The Symposium focused three key themes: tracing linkages between social isolation and poverty, learning from stories of community resilience, and fostering a sense of belonging and reciprocity.  Sabina Alkire participated as a discussant in the conversation on the link betwee isolation and poverty. The Symposium heard a wide variety of participants on their experiences of isolation—and provided opportunities to hear the voices of young people, First Nation representatives and African leaders working in this area. The Symposium gave special focus to the role of the arts as a medium for giving voice to images of isolation and connectedness.  Participants ended the Symposium with a commitment to the need for further policy advocacy and research, particularly applied research at the individual, community and national level.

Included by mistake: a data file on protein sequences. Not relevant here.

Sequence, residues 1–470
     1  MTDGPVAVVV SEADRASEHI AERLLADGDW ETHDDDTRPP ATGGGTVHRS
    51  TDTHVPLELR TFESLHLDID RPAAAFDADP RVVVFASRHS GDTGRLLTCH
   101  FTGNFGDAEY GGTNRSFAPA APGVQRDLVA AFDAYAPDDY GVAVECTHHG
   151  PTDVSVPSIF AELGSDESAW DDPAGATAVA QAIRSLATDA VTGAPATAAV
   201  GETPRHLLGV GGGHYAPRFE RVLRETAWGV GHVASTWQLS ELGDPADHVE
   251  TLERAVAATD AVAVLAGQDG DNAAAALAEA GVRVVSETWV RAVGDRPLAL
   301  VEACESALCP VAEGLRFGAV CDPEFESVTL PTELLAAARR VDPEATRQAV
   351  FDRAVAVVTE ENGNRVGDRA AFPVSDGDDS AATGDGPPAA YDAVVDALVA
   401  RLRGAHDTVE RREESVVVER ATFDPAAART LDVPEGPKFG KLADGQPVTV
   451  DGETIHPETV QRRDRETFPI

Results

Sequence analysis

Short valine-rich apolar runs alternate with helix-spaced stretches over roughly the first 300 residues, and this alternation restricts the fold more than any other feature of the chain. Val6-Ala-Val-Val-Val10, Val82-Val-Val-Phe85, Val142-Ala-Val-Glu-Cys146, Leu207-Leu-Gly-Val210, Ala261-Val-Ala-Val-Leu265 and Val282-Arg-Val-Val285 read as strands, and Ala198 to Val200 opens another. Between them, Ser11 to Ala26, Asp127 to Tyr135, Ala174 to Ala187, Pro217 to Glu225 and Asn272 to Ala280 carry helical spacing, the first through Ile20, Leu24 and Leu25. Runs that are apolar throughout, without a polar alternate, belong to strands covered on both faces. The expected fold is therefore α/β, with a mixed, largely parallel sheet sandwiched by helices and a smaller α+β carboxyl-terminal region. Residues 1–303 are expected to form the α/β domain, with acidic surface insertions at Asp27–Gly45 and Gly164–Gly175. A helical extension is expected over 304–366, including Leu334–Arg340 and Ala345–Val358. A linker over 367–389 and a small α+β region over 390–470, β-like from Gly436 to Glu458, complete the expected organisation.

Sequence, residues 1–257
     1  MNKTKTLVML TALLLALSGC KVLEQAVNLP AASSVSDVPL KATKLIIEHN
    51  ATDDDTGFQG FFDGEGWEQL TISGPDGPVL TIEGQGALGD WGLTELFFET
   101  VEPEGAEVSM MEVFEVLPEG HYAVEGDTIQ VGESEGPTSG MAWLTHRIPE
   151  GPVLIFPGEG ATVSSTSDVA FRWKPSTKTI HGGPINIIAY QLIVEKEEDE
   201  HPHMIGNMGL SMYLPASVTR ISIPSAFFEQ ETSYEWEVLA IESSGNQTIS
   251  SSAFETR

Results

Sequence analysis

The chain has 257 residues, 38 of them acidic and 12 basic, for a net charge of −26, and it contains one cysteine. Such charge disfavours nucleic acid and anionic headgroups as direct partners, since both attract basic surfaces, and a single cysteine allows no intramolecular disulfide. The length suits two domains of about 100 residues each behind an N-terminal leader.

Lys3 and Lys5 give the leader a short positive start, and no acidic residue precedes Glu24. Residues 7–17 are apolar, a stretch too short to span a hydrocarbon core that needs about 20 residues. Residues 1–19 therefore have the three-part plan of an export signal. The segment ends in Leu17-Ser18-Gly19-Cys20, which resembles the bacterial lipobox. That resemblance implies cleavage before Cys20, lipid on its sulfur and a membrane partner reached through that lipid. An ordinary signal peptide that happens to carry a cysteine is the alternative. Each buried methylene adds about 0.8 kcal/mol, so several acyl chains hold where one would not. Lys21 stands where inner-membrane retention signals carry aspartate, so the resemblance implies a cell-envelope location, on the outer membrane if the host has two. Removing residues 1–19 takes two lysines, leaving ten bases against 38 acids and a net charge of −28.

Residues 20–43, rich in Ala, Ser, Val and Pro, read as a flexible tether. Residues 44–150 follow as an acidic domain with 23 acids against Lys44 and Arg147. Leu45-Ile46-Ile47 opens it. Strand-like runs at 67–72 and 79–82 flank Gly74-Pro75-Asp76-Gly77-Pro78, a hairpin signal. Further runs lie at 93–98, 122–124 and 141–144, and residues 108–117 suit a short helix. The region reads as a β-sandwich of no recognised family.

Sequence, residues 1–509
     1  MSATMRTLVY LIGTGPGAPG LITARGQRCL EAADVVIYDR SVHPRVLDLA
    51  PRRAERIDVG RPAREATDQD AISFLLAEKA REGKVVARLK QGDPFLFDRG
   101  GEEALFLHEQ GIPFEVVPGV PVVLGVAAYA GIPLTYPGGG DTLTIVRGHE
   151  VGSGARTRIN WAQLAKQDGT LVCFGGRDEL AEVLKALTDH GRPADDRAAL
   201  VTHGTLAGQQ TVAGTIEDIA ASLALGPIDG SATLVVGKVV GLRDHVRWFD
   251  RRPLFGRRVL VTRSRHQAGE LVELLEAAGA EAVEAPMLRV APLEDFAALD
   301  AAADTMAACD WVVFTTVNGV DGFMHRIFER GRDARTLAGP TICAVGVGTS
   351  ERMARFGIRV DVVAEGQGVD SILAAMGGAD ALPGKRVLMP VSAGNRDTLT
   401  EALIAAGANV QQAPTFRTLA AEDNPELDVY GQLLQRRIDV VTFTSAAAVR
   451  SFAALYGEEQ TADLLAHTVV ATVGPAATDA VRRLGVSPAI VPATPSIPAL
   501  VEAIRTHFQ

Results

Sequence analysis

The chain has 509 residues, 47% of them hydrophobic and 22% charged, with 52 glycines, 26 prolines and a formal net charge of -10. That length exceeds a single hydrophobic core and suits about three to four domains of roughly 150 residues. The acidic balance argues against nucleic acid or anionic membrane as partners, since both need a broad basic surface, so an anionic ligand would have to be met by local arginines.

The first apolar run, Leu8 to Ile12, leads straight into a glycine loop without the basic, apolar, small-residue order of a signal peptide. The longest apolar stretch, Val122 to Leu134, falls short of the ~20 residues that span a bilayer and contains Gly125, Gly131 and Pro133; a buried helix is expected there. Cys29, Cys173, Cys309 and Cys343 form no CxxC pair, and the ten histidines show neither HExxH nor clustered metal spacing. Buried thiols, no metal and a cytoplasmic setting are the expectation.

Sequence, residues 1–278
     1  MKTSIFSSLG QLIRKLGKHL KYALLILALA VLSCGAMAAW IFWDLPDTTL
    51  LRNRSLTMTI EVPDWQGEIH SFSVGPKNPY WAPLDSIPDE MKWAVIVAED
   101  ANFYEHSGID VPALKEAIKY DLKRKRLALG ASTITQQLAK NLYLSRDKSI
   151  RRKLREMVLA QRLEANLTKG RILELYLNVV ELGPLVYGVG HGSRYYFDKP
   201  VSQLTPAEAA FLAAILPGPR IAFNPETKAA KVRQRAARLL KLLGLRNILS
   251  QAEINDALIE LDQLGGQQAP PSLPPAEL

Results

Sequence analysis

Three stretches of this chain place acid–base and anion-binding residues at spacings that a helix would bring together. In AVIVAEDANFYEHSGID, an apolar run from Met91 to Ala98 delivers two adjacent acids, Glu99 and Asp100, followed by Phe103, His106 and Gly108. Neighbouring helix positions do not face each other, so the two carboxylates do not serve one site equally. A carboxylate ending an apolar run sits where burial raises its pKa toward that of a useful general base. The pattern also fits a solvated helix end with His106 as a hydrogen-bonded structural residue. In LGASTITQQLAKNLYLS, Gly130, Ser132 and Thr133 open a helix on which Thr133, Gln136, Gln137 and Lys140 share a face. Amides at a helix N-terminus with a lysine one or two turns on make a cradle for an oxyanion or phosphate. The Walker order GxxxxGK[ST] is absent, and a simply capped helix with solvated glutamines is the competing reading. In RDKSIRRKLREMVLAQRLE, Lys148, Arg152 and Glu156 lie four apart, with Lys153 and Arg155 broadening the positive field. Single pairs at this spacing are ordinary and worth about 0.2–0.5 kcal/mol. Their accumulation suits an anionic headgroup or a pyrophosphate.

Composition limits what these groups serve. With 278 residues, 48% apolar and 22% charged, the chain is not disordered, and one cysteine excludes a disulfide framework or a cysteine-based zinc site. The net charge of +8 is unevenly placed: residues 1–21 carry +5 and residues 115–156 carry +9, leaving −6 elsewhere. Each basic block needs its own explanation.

You can read more about the Missing Dimensions of poverty here and see OPHI’s work on social isolation and shame and humiliation by clicking on the links provided.

You can also read OPHI Working Paper 67, Social Isolation: A conceptual and Measurement Proposal by clicking on the link.

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New OPHI briefing explores the composition of children in poor households

A new briefing note titled Are children among the poorest? by OPHI Researcher, Ana Vaz looks at how children are represented in households that are multidimensionally poor according to the Global Multidimensional Poverty Index (MPI) of 2014. The Global MPI is an index of acute multidimensional poverty that assesses the nature and intensity of poverty at the individual level, by directly measuring the overlapping deprivations poor people experience simultaneously.